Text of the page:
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Putting the SEP-1 Core Measure for Sepsis into Practice

Sepsis occurs when the body is fighting sever infection spread through the bloodstream. It can strike anyone, especially those who are weak due to severe illness or an impaired immune system. Providing background on the SEP-1 core measure and case studies right out of the ED, Dr. Pines shares his insights on this potentially deadly condition.

Jesse M. Pines, MD, MBA, MSCE
Director, Center for Healthcare Innovation and Policy Research, Professor of Emergency Medicine and Health Policy, The George Washington University
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Expert Presentations
Jesse M. Pines, MD, MBA, MSCE
Director, Center for Healthcare Innovation and Policy Research, Professor of Emergency Medicine and Health Policy, The George Washington University
(1,176)
170 Comments
Jesse M. Pines, MD, MBA, MSCE
Director, Center for Healthcare Innovation and Policy Research, Professor of Emergency Medicine and Health Policy, The George Washington University
(90)
8 Comments
Jesse M. Pines, MD, MBA, MSCE
Director, Center for Healthcare Innovation and Policy Research, Professor of Emergency Medicine and Health Policy, The George Washington University
(124)
14 Comments
Latest Comments
"Fluid resuscitation is only indicated for severe sepsis with initial hypotension or septic shock as evidenced by SBP < 90, MAP < 65, a drop in SBP > 40, or serum lactate ≥4 mmol/L.

There are 2 different 3 -hour clocks: one is a sepsis/severe sepsis clock and the other is a septic shock clock. If the patient presents with severe sepsis with no initial hypotension or no sign of septic shock, fluid resuscitation is not needed.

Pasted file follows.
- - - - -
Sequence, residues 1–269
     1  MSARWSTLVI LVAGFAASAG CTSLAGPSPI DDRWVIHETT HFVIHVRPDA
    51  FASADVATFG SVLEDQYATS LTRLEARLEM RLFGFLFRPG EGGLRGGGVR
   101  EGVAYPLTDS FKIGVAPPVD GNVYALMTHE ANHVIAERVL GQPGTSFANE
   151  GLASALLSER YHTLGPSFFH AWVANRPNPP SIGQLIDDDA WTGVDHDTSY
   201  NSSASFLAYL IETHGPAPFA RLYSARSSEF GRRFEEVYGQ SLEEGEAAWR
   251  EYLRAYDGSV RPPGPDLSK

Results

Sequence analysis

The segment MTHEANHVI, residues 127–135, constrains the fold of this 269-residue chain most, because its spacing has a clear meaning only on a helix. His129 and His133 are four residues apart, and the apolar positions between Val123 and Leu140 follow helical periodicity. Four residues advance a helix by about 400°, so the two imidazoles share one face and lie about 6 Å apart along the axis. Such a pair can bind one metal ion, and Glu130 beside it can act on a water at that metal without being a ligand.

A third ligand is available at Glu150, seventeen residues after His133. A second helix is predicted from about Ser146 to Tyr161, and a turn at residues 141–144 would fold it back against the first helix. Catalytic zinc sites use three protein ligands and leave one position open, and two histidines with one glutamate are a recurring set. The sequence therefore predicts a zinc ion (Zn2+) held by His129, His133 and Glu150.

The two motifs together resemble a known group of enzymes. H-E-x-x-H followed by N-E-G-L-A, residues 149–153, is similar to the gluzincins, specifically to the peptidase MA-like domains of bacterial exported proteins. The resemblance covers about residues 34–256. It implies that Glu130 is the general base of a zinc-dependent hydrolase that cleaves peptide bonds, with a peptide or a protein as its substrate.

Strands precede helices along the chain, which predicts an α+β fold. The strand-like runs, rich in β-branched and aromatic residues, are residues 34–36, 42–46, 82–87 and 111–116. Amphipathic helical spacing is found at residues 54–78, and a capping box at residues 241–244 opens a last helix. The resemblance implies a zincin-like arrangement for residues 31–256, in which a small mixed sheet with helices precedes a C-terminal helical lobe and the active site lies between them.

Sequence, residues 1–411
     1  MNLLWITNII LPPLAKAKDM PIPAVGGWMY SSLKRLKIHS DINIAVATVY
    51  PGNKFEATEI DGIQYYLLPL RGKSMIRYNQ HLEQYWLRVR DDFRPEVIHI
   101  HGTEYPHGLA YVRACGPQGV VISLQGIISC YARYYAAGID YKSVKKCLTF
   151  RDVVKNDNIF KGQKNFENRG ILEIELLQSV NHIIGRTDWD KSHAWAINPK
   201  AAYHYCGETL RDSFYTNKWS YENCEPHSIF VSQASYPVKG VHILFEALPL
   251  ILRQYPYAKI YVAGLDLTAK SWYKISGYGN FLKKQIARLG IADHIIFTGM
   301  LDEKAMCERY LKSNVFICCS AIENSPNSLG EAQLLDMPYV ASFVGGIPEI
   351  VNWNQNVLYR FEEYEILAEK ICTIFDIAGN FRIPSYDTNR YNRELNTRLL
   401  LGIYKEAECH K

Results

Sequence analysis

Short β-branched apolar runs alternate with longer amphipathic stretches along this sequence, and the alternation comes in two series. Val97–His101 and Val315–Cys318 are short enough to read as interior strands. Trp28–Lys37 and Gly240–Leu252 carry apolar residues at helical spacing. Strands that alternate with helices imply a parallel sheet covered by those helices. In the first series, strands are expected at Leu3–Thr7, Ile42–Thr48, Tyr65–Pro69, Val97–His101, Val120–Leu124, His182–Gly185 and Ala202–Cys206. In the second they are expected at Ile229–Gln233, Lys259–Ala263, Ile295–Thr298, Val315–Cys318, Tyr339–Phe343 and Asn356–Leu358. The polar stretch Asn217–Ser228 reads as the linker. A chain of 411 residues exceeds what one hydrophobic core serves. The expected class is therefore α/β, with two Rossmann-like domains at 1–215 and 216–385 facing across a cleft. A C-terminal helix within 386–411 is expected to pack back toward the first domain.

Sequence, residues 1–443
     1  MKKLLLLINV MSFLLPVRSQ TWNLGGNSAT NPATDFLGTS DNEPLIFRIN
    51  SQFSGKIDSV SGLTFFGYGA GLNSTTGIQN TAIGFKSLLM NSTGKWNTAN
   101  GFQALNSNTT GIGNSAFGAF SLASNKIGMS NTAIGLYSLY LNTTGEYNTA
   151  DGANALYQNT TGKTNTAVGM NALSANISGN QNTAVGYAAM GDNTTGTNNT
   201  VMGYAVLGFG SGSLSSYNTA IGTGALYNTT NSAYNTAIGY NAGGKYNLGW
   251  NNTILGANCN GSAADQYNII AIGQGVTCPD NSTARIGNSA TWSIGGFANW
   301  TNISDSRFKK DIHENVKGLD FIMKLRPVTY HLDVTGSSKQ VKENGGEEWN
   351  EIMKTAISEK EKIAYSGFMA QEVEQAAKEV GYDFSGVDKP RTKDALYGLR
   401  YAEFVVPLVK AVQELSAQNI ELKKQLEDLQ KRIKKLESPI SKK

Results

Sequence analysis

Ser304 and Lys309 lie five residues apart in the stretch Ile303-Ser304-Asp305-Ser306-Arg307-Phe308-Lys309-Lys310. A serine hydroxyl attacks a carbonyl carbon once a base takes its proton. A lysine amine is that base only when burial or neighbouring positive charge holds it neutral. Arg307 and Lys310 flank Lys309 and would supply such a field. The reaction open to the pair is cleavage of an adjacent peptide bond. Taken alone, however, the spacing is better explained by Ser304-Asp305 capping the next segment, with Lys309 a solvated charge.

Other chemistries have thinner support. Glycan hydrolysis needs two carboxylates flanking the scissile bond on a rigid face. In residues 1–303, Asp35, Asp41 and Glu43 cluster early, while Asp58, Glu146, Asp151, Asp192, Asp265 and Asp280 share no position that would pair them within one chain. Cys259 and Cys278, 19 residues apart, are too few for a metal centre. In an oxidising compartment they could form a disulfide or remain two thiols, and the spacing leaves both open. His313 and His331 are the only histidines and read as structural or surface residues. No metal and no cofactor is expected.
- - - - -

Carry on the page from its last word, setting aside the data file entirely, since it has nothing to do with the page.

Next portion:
If fluid resuscitation is needed, you do not have to give it bolus. As long as the IV rate is > 125mL/hr (meaning fluid has to run at 126mL/hr or greater) and it is initiated within the 3 hour of severe sepsis with initial hypotension or septic shock presentation, you are with the guideline.

From my observation and experience, the more fluid you give, the worst the outcome is especially for those patients with existing heart failure, undiagnosed heart failure, liver failure, those with weaky, leaky heart valves (most of our elderly patients especially those post MI), cardiomyopathy, etc.

Sepsis core measure is awful. This cookie cutter approach takes away clinical judgment and critical thinking. As long as you document why any of the SIRS or organ dysfunction elements are abnormal (hypotension is related to cardiogenic shock or lactate is elevated due to post cardiac arrest or other types of shock or metformin or acute alcohol intoxication or salicylate use, etc.) and you definitely do not think that the patient has severe sepsis, you will meet the guideline.

Do not let hospital quality workers force you into doing something that is not right for your patients. We must examine outcomes (length of stay, mortality data, etc.)."
Doug Ahern, NP
Barlow Respiratory Hospital
170 Comments
"What would be the clinical research for 7-day vs. 14-day Cipro, especially if patient was also on Meripenum at admission?"
George Moussally, NP
Nurse Practitioner, Kaweah Delta Healthcare
14 Comments
 

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